Don’t think I don’t approve of ankle monitors. I think it’s cool. I don’t approve, or rather I am suspicious of a Judge, David Hodges who just ads the ankle monitor onto the plea bargain even though it didn’t exist in the DA’s offer, Hodges just throws in the leg monitor, costing a fortune for fun. Or is it for fun? Just throwing in a leg monitor without even telling the DA? Hmmm. With the blessing of those wonderful two angels Strother and Johnson. Aaah, why should we think this is CROOKED.
Because something, as usual ain’t right and once again if you have a brain and can google David Hodges, leg monitor, Scram, you see something’s up.
Kickback? Awwwww, never here. Silly girl.
Bracelet breaks the cycle of DWIs – SCRAM Systems
The county is starting to see the benefits of an associate judge who commissioners hired in October to help clear the felony criminal docket, officials said Tuesday.
County Judge Scott Felton said the new system is working as predicted when the county hired Judge David Hodges.
At $70 a day per inmate, jail costs add up quickly when defendants are awaiting their day in court longer than needed, Felton said.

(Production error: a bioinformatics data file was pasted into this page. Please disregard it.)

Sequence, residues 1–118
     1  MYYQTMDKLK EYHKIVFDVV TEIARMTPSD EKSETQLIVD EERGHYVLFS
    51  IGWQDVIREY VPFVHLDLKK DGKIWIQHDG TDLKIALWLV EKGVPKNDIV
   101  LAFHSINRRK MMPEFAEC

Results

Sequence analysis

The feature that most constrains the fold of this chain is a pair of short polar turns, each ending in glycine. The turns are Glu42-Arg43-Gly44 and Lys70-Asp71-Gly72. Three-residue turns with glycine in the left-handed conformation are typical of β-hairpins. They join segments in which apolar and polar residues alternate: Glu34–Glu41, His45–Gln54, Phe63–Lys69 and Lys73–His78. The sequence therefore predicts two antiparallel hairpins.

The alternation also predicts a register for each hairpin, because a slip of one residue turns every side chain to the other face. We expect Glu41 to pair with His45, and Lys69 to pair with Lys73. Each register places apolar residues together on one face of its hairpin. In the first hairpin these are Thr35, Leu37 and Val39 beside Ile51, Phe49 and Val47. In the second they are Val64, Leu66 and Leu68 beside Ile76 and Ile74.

The full-time district judges immediately put Hodges to work, and his schedule is already booked through May, Hodges told commissioners Tuesday.
“They have gotten used to using me pretty quickly,” he said.
Judge Matt Johnson of Waco’s 54th State District Court recently had 12 hearings on plea deals in felony cases scheduled for the same day he started a felony jury trial, Hodges said. Before Hodges started, the hearings would have had to be pushed back five to six weeks, he said.
“I took those pleas that day, disposing of 12 to 14 cases,” Hodges said. “Each one of those defendants were cases ready to go to (the Texas Department of Criminal Justice.) What we’re trying to do is dispose of those cases more quickly.”
He has filled in for both Johnson and 19th State District Judge Ralph Strother, sometimes selecting a jury for a trial, sometimes handling plea deals.
“They are scheduling me pretty far out,” he said.
Two things, more courtroom space and more court reporters, would make the process go smoother, Hodges told commissioners.
Contract court reporters are hard to come by, and are needed for any felony case, he said.
More space, however, is already on the way. Hodges said he uses whatever courtroom is open, but that limits scheduling opportunities.
Before Hodges was hired, commissioners had started discussions about converting the law library on the fourth floor of the courthouse into a courtroom. That conversion is now underway, and the law library will be moved to the courthouse annex building, Felton said. Furniture for the new courtroom is scheduled to arrive in about six weeks, he said.
County commissioners also plan to have a work session soon to discuss space in county facilities, which has surfaced as an issue among growing departments.